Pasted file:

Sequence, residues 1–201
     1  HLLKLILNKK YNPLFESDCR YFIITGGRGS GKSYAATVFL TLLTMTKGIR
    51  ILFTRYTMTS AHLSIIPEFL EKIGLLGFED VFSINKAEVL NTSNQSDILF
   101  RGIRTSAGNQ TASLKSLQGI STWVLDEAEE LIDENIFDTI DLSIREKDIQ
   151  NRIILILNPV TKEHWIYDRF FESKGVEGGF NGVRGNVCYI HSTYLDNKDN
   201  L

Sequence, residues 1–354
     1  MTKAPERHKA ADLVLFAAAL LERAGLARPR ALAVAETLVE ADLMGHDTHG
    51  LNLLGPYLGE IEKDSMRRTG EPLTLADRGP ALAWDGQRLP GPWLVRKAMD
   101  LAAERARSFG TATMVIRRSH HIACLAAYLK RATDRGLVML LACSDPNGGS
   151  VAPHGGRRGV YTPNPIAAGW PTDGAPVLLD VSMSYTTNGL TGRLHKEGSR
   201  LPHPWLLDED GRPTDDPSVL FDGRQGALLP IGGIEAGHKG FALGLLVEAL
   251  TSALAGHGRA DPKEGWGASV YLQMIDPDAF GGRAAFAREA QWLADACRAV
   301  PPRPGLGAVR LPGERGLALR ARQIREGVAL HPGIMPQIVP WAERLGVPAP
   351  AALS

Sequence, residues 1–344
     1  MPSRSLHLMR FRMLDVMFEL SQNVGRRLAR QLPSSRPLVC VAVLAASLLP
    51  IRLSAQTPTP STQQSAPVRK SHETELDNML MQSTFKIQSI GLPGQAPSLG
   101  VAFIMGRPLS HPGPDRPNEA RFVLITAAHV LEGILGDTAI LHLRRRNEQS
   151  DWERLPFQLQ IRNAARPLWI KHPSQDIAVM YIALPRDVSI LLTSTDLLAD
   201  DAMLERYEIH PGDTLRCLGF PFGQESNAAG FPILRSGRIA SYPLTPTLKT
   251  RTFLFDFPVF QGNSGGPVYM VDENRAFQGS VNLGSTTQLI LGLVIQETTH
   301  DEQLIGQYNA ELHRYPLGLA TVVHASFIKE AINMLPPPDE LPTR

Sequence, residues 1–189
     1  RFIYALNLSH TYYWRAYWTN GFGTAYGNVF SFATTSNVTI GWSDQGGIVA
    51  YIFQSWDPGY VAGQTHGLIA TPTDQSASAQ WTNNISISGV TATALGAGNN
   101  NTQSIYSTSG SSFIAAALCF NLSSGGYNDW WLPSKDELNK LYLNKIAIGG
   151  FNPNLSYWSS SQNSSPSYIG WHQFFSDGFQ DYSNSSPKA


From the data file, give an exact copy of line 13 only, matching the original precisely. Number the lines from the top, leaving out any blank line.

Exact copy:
   251  TSALAGHGRA DPKEGWGASV YLQMIDPDAF GGRAAFAREA QWLADACRAV